A molecular model of a prostate-specific antigen with tumour-associated glycosylation (in green). Credit: M. WORMALD, P. RUDD

Sugars occur in a variety of forms and locations throughout the human body. From those that are attached to proteins during glycosylation to the carbohydrates that decorate the surfaces of cells lining the lungs and digestive tract, the range of possible sugar conformations and glycoforms is tremendous. As a result, analysing carbohydrates is a tricky business for anyone interested in glycobiology.

The term glycobiology was coined in 1988 by biochemist Raymond Dwek at the University of Oxford, UK. Dwek used the phrase simply to emphasize the importance of relating sugars back to basic biology rather than just isolating and examining them outside of their biological context. Instead, he named a field that is thriving in its own right.

Today glycobiology is intertwined with fields such as immunology, virology, reproductive biology and drug discovery. “More people are starting to realize that sugars are not just there for protecting surfaces from proteolysis, but they have some functional role to play,” says Ian Wilson, a structural biologist at the Scripps Research Institute in La Jolla, California.

But even as more researchers accept the importance of sugars in basic biology, many glycobiologists worry that the barrier to entry into their field remains too high, potentially delaying or hampering discovery and innovation. “The technical difficulty is so great now that many scientists are turned away,” says Peter Seeberger, a chemist at the Swiss Federal Institute of Technology in Zurich. The solution, he adds, is to “lower the hurdle by providing access to technology more easily”. To those ends, Seeberger is trying to develop user-friendly automated solutions for complicated procedures such as the synthesis of complex carbohydrates.

Pauline Rudd is advancing high-throughput glycan analysis. Credit: P. RUDD

Seeberger is not alone. Pauline Rudd, a professor of glycobiology at University College Dublin in Ireland and a principal investigator at the National Institute for Bioprocessing Research and Training, spent the better part of ten years refining chromatography approaches for glycosylation analysis. Now she and her colleagues are taking their approach to the next level, using high-performance liquid chromatography (HPLC) as the basis for a high-throughput pipeline for analysing glycans.

Glycoproteins featuring N-linked glycans are first immobilized either in gels or on membranes, and the glycans are then released using an enzyme that cleaves the sugars from the proteins. The system examines the patterns of the glycans on the proteins by attaching fluorescent labels to the sugars, which Rudd says offers highly sensitive results during chromatography.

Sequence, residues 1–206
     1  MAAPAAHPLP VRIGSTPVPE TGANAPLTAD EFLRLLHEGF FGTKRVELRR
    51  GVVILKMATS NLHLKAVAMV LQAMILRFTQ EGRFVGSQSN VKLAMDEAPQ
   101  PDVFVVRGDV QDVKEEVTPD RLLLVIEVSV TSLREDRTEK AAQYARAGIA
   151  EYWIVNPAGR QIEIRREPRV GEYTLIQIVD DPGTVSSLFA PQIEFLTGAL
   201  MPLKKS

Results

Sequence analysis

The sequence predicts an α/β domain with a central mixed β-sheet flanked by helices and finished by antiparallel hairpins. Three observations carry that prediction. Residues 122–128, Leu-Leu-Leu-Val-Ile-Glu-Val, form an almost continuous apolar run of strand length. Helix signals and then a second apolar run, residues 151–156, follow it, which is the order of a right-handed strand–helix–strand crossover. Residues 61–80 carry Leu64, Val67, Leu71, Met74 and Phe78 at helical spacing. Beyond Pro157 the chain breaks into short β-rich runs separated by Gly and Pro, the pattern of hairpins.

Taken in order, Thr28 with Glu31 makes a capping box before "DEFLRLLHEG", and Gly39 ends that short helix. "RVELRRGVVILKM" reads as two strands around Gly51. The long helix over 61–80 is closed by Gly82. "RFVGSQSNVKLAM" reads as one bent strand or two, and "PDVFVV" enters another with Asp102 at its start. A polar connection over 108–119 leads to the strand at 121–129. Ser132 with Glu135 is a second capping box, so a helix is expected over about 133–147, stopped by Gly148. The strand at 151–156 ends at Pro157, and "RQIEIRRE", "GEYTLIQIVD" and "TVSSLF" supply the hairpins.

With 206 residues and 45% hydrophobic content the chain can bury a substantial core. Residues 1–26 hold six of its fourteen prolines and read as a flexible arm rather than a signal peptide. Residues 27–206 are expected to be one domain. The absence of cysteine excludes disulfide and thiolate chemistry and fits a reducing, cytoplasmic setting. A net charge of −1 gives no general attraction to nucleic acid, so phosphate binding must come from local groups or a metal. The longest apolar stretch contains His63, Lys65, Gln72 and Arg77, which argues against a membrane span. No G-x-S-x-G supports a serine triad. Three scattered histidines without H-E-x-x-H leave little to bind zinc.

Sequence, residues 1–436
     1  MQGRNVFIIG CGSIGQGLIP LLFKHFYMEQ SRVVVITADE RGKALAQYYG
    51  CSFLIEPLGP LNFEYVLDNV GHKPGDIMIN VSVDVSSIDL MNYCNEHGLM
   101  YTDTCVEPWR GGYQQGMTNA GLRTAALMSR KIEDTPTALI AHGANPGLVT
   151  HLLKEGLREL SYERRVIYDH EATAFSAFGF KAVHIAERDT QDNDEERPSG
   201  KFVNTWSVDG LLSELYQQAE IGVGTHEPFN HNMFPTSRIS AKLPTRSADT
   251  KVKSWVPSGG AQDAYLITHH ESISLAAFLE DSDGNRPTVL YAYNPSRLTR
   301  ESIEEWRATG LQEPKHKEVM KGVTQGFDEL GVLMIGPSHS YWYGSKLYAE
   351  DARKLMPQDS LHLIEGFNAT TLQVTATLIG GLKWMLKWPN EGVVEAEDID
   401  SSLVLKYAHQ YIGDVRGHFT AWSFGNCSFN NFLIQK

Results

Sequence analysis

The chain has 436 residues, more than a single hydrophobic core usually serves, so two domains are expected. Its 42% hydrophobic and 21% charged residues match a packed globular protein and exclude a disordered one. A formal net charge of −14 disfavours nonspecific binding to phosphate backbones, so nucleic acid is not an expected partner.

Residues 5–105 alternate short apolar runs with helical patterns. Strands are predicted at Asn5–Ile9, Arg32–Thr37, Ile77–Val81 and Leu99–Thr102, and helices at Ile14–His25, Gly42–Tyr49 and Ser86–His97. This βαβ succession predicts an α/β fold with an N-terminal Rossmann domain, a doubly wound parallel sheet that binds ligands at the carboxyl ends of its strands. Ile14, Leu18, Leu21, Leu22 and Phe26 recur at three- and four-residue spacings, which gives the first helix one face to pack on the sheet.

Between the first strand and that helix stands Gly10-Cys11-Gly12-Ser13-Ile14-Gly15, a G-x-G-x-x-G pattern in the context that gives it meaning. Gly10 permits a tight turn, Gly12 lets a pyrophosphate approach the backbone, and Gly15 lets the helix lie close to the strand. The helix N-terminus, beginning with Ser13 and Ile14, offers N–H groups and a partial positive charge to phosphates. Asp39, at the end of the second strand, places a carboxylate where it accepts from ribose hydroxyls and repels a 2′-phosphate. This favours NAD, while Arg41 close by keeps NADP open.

Sweet analysis

The labelled sugars are run on a normal phase HPLC column and the resulting peaks are correlated to a pre-run dextran ladder, thereby assigning a 'glucose unit value' to each of the peaks. “We have a database that is automatically interrogated to give us a list of sugars that could have these particular glucose units,” says Rudd. Using this information, a series of exoglycosidase digestions is performed and those data are fed back into the computer program to assign final structures.

The researchers recently installed an automated liquid-handling platform from Hamilton Robotics of Reno, Nevada, so that they could do their glycan analyses in 96-well plates. “One analysis will take about eight hours, so the aim is to get it done by the end of the shift,” says Rudd.

Speed is important, Rudd notes, because the drug industry increasingly wants to monitor the glycosylation patterns of proteins. “When people want to achieve quality by design, they need to determine the optimal culture conditions and time for harvesting monoclonal antibodies,” she says. “Therefore, they need to understand how the glycosylation changes over the course of production.” Rudd says that her pipeline can test samples every hour, over a number of days or at different pH conditions to find those optimal points.

Elizabeth Higgins, chief executive and founder of GlycoSolutions in Worcester, Massachusetts, feels that a different factor is driving the drug industry's interest in glycan analysis. GlycoSolutions offers glycomics services and analyses, and last year worked on 20 different glycosylation analysis projects for various pharmaceutical companies. Higgins says that the analyses were largely done to meet regulatory requirements. “Most companies we work with are driven by getting data for the Food and Drug Administration,” she says.

Another company working on high-throughput tools for analysing glycosylation patterns to aid drug development is Procognia, in Ashdod, Israel. Because many different glycoforms can exist, an extensive knowledge of glycosylation patterns and how they change during drug manufacturing is important for he development of biosimilar drugs, says Ilana Belzer, Procognia's vice-president of research and development. To tackle this issue, the firm has developed GlycoScope, a high-throughput workflow for glycosylation analysis platform that uses lectin (carbohydrate-binding protein) arrays and informatics tools to provide glycosylation fingerprints and glycan structures for glycoproteins.

By providing values of molecular weight that can be used to deduce initial structures, mass spectrometry (MS) is yet another approach to glycan analysis. “MS is very good at defining the sugar profiles of cell surfaces,” says James Paulson, a glycobiologist at the Scripps Research Institute who studies glycan binding proteins that mediate cellular communication in the immune system. With additional isolation and fragmentation using either matrix-assisted laser desorption/ionization or electrospray ionization followed by tandem MS (MS/MS), researchers can deconvolute the configuration of sugars, a process very similar to protein sequencing.